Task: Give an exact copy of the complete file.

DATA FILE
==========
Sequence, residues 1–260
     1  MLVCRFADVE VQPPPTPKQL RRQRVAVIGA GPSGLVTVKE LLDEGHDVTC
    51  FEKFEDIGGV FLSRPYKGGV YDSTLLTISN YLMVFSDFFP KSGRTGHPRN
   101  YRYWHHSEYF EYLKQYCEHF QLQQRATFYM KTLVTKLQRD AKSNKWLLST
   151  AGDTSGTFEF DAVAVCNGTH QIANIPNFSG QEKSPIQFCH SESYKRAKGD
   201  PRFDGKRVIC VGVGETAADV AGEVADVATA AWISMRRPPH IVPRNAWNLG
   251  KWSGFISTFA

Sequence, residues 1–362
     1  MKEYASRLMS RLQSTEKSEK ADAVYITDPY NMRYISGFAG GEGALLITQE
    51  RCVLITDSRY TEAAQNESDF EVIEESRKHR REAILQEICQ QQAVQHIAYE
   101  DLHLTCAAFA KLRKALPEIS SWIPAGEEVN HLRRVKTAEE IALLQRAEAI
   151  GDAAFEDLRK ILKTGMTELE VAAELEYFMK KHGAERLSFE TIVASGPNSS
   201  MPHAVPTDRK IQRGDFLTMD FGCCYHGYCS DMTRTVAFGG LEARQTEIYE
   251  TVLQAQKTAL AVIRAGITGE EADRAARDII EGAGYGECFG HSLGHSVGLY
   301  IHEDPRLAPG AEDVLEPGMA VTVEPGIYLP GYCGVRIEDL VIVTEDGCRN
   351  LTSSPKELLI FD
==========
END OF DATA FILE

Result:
Sequence, residues 1–260
     1  MLVCRFADVE VQPPPTPKQL RRQRVAVIGA GPSGLVTVKE LLDEGHDVTC
    51  FEKFEDIGGV FLSRPYKGGV YDSTLLTISN YLMVFSDFFP KSGRTGHPRN
   101  YRYWHHSEYF EYLKQYCEHF QLQQRATFYM KTLVTKLQRD AKSNKWLLST
   151  AGDTSGTFEF DAVAVCNGTH QIANIPNFSG QEKSPIQFCH SESYKRAKGD
   201  PRFDGKRVIC VGVGETAADV AGEVADVATA AWISMRRPPH IVPRNAWNLG
   251  KWSGFISTFA

Sequence, residues 1–362
     1  MKEYASRLMS RLQSTEKSEK ADAVYITDPY NMRYISGFAG GEGALLITQE
    51  RCVLITDSRY TEAAQNESDF EVIEESRKHR REAILQEICQ QQAVQHIAYE
   101  DLHLTCAAFA KLRKALPEIS SWIPAGEEVN HLRRVKTAEE IALLQRAEAI
   151  GDAAFEDLRK ILKTGMTELE VAAELEYFMK KHGAERLSFE TIVASGPNSS
   201  MPHAVPTDRK IQRGDFLTMD FGCCYHGYCS DMTRTVAFGG LEARQTEIYE
   251  TVLQAQKTAL AVIRAGITGE EADRAARDII EGAGYGECFG HSLGHSVGLY
   301  IHEDPRLAPG AEDVLEPGMA VTVEPGIYLP GYCGVRIEDL VIVTEDGCRN
   351  LTSSPKELLI FD